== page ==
Dear Ms. Meniscus:
I’m an assertive person with psoriasis. When I’m wearing business attire, people can’t tell I have it. However, I think it’s my job to tell people I have it within the first two minutes of meeting them. My wife says I’m unnecessarily creating negatives that will affect my job and my friendships. I agree but I think it’s my responsibility to educate people about this disease, including the fact that its not contagious and that it’s controllable. I just started a new medication that is working very well. I want people to know. Do you agree with me or my wife?
Red, but not red-faced.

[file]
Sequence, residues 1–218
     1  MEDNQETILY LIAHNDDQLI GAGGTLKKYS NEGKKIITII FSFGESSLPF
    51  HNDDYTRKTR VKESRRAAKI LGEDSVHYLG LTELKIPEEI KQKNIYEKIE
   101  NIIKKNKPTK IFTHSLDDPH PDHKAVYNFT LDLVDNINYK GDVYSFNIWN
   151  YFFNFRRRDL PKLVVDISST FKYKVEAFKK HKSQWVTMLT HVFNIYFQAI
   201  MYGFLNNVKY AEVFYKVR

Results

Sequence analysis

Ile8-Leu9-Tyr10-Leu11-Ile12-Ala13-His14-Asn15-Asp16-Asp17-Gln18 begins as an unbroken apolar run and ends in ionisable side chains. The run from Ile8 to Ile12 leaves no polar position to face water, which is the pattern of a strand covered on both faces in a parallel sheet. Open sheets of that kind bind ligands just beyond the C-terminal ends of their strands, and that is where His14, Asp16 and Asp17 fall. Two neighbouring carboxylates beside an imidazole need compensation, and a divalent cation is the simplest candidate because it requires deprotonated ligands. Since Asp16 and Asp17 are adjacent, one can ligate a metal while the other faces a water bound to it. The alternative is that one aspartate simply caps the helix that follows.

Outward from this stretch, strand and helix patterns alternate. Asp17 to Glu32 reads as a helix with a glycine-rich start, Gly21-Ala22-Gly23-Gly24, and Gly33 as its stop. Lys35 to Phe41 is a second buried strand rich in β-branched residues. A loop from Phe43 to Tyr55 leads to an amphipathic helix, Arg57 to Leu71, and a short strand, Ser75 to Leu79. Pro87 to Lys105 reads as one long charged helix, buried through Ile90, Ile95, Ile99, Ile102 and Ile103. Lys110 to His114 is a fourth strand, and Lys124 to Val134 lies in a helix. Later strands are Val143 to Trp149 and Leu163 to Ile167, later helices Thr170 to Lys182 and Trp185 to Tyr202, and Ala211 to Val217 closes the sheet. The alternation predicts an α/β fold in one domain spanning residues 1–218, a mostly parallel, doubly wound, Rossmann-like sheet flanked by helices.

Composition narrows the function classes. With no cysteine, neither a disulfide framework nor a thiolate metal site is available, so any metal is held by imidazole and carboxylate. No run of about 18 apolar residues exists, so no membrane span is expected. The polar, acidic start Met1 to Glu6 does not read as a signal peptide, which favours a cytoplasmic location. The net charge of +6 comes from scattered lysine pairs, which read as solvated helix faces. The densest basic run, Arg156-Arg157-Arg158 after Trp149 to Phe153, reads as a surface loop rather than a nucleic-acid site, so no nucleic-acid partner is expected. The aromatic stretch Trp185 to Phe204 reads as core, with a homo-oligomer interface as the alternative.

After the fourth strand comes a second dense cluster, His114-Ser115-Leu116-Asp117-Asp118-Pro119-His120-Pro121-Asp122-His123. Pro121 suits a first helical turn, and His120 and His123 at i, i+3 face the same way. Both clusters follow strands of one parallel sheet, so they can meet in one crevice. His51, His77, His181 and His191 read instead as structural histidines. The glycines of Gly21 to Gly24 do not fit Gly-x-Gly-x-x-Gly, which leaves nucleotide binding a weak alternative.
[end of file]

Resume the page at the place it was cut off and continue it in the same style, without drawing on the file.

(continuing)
Until people started talking openly about breast cancer, or prostate cancer, or opioid abuse, we ignored it, were ashamed of it, and often didn’t get proper treatment because we didn’t know what questions to ask. So I applaud you for speaking out. I remember when my son finally learned to poop in a toilet, I was so proud and relieved that I didn’t have to make midnight pampers runs to the CVS that I told everyone. Soon he started telling everyone, too. Soon everyone stopped talking to us. The lesson in my son’s poop is that a little goes a long way in polite conversation. When we first meet people it’s acceptable to use the word “I”. But smart people quickly switch from “I” to a question about the other person. Make sure you aren’t boring them with your medical woes or you’ll be the one who’s red-faced.